There are plenty of other examples of populations refusing change for the sake of retaining power. Let’s look at slavery, for instance.

In the infancy of the United States, it was a common practice for the rich or well-educated to own slaves under the presumption that minorities from other countries or cultures did not deserve the rights usually affixed to white Europeans.

But today, we view slavery as a barbaric practice. We have determined that slavery is inherently wrong and that our forefathers were mistaken in their beliefs regarding the treatment of African Americans.

But merely pointing out blatant wrongness in history does not fix or change anything. We must seek to understand why people did the things they did, said the things they said, and thought the things they thought in order get a better idea of how to solve similar problems in the future.

So why was slavery accepted as a cultural norm in the United States? Simply put, slavery was the foundation of America’s economy. The prices of many things were affixed to the notion that slaves were able to work for free. The idea of paying someone for work a slave could do was preposterous during the 18th and 19th centuries, especially for field workers in the southern US.

In this instance, slave owners that relied on slave labor were more interested in their own abilities as business owners to make profits than they were in the health, well-being, and equal treatment of the slaves they owned.

At the time, people may have believed somewhere within their beings that the idea of slavery was wrong. But as a population, people were (and often currently are) more concerned with disallowing change to affect their way of life, regardless of the moral or ethical consequences.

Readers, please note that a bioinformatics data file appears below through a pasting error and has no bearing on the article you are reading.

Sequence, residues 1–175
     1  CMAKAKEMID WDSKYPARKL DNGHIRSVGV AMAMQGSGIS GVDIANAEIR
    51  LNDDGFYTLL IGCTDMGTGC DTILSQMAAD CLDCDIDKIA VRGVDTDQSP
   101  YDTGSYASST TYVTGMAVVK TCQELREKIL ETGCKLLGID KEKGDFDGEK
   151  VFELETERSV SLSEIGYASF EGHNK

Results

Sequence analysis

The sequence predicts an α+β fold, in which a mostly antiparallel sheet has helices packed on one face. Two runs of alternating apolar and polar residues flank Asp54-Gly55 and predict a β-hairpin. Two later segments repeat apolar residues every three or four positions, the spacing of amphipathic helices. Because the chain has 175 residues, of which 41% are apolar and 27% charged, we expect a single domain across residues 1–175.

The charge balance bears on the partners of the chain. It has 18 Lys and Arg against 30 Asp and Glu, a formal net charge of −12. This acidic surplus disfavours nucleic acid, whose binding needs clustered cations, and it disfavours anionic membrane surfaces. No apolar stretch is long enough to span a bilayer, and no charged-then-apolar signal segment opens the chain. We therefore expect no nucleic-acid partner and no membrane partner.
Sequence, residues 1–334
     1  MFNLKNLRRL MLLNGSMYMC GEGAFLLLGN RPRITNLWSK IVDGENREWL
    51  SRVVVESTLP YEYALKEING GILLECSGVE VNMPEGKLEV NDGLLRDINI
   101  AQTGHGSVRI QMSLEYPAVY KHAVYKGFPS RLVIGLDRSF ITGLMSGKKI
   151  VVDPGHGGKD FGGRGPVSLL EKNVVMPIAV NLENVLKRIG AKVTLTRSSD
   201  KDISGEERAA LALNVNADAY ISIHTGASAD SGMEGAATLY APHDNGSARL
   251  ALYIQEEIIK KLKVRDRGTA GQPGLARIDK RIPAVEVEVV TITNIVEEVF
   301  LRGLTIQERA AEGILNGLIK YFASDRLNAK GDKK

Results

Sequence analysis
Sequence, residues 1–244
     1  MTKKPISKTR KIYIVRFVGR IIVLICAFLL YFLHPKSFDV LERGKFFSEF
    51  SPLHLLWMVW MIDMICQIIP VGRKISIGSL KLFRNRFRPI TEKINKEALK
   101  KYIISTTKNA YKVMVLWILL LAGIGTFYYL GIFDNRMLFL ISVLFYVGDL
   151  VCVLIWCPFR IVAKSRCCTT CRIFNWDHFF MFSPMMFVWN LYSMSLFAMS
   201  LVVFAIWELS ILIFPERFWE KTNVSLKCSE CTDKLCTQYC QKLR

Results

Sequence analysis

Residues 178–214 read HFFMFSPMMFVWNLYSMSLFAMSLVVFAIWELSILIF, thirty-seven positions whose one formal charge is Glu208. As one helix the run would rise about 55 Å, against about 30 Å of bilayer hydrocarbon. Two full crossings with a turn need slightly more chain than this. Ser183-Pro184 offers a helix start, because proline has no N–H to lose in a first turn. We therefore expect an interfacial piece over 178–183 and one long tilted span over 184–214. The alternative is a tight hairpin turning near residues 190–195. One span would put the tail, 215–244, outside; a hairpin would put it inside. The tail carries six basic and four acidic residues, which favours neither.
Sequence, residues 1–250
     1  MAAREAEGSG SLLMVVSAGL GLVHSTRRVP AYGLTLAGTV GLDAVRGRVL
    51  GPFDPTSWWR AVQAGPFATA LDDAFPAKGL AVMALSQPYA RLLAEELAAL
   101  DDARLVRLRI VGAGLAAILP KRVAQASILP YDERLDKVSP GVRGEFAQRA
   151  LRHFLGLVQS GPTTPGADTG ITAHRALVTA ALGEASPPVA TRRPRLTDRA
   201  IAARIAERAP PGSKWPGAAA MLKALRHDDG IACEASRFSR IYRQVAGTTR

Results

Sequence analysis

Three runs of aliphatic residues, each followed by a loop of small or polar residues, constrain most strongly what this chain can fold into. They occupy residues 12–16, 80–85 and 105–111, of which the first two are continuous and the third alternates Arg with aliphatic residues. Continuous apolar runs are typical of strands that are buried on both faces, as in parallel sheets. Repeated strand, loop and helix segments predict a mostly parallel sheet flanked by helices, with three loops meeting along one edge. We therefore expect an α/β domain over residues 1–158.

As people will often say, “It’s just the way things are.”

But we have to realize that just because society works a certain way doesn’t mean it should continue to work that way in the future. Just because we are used to something doesn’t mean it shouldn’t change. And just because we are afraid of something doesn’t mean it should be avoided.

Change is scary. I get that.

I understand that we have worked hard to create systems in society that make life easier to cope with. Slavery was one. The patriarchy was another.

Life becomes simpler when you can just say, “Black people or women are subservient to white men.” Simplicity is important, but it can’t be the only factor that decides how we organize our society.

Life is too complex to be able to fit all of its nuances into neat little boxes. I would love to be able to organize everything into eqaul parts that we can all understand. But that’s just not possible.

And this is why we fear change. It marks the end of a system we have worked hard to create and the beginning of a new one that we aren’t familiar with or don’t understand.

We become so afraid of the unknown that we’re reduced to saying things like, “That’s just the way things are,” as if we have no control over how we organize our societies.

But this thinking is silly. Things are the way we make them. Sure, some shit happens that we have no control over. But to think that society just up and created itself without our help is ludicrous.

Change marks the acknowledgment of imperfection. It says that things may be fine, but they stand to be better. I know some people would like to believe that everything is just fine the way it is, but that sounds like a utopia. And last I checked utopias don’t exist.